I really don’t have an answer for this except to cite a long list of black and white films I absolutely adore. Where black and white was once the form for which filmmakers had no choice, now it has become something of a stylistic decision, hence why my film-watching scope finds its field within the recency of 20 years. So I’m talking about films like “Embrace of the Serpent”, “Francis Ha”, “Ida”, “Tetro”, “Roma” and so on. And they tell you in school to resist landing on stylistic decisions just because it’s something to do; there has to be reason behind every brush-stroke…but all I can say is, I like the look. I really do. Black and white speaks to me for reasons I cannot verbalise let alone emote. The aesthetic has enamoured me. With little in the way of explanation, I’m just drawn to the aesthetic. Our series also shares a spiritual cousin in “Clerks”, which is famously black and white, and retail based.

How did you go about casting?

I don’t believe in bad performances. I believe in bad casting. If you see a bad performance, it’s not because the actor is bad, it’s because the casting is bad. He or she was wrong for the part.

I will never again audition people for a part. For Lunch Room, I avoided auditioning people to suit a role, and instead found people and then wrote roles for them. By approaching things in this way, not one single person was miscast because every single role was specifically tailored. Why buy a jacket for someone in the hopes that it will fit, when you can first learn a person’s measurements and then purchase them the jacket? That’s casting.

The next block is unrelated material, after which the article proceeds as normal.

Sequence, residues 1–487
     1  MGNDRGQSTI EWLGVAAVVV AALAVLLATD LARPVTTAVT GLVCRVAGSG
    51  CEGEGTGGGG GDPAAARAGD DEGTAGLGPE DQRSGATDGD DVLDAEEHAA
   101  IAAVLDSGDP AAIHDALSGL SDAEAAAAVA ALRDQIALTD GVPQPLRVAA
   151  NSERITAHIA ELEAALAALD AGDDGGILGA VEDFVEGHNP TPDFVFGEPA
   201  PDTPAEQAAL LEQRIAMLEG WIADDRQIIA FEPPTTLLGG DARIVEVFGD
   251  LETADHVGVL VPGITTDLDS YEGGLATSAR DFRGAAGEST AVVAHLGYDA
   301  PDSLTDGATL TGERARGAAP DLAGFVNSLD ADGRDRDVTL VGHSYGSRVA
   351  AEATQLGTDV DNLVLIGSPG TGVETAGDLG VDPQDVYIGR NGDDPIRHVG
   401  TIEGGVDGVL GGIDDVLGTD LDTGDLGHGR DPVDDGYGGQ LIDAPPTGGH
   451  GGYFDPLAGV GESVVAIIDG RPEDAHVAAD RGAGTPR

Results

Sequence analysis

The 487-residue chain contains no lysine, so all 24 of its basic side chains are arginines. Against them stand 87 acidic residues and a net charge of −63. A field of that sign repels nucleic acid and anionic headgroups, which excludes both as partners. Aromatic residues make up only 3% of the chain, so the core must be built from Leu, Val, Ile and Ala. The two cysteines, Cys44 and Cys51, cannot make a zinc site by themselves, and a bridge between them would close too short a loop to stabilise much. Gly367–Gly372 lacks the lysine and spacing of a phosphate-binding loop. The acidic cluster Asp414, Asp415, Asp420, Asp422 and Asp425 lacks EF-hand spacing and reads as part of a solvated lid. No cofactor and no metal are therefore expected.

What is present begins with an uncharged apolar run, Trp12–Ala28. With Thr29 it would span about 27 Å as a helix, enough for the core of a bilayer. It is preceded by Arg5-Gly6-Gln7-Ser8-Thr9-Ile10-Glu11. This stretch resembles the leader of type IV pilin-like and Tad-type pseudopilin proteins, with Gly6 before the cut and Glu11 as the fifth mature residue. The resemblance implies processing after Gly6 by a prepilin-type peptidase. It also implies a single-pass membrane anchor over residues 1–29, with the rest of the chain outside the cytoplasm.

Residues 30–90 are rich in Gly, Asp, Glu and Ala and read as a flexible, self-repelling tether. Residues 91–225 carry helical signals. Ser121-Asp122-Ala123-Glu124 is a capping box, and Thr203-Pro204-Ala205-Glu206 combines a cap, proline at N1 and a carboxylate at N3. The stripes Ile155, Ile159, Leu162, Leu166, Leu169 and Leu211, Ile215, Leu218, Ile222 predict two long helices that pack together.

When will LUNCH ROOM be released and where will audiences be able to see it?

We’ll be releasing the first ep this month. But you can keep track on our Instagram and Facebook.

The biggest hurdle for many Indie Filmmakers is finding financing to produce the film.  How did you go about financing these two films?

Self financing was certainly a struggle ten years ago. Paying 8 grand for a HD canon with an in-built lens. It wasn’t even DLSR in those days. Now 6 grand can get you 2 4K cinema cams and decent zoom lenses. So much is eminently affordable now. Not to say that it’s cheap, but it’s better.

Lastly, of all the hats you wear, which one is your favorite and why.

As much as I love writing and editing, I have to say directing is where I feel the most control over a story. I don’t know if I’m any good at it, I know I just relish in the task and do my utmost to ensure the story being told is in good hands. Or hands as good as I can make them.




Martin Ponferrada

TAKE2🎬Indie Review sits down with writer, director Martin Ponferrada to discuss his animated documentary – EVERYTHING IS UPSTREAM